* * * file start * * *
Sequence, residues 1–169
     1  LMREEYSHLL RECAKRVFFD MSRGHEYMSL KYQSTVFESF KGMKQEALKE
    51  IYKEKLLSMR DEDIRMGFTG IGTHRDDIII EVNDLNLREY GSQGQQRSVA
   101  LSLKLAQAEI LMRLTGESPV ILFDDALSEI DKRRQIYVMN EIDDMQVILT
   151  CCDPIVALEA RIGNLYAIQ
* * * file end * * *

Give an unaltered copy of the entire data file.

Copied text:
Sequence, residues 1–169
     1  LMREEYSHLL RECAKRVFFD MSRGHEYMSL KYQSTVFESF KGMKQEALKE
    51  IYKEKLLSMR DEDIRMGFTG IGTHRDDIII EVNDLNLREY GSQGQQRSVA
   101  LSLKLAQAEI LMRLTGESPV ILFDDALSEI DKRRQIYVMN EIDDMQVILT
   151  CCDPIVALEA RIGNLYAIQ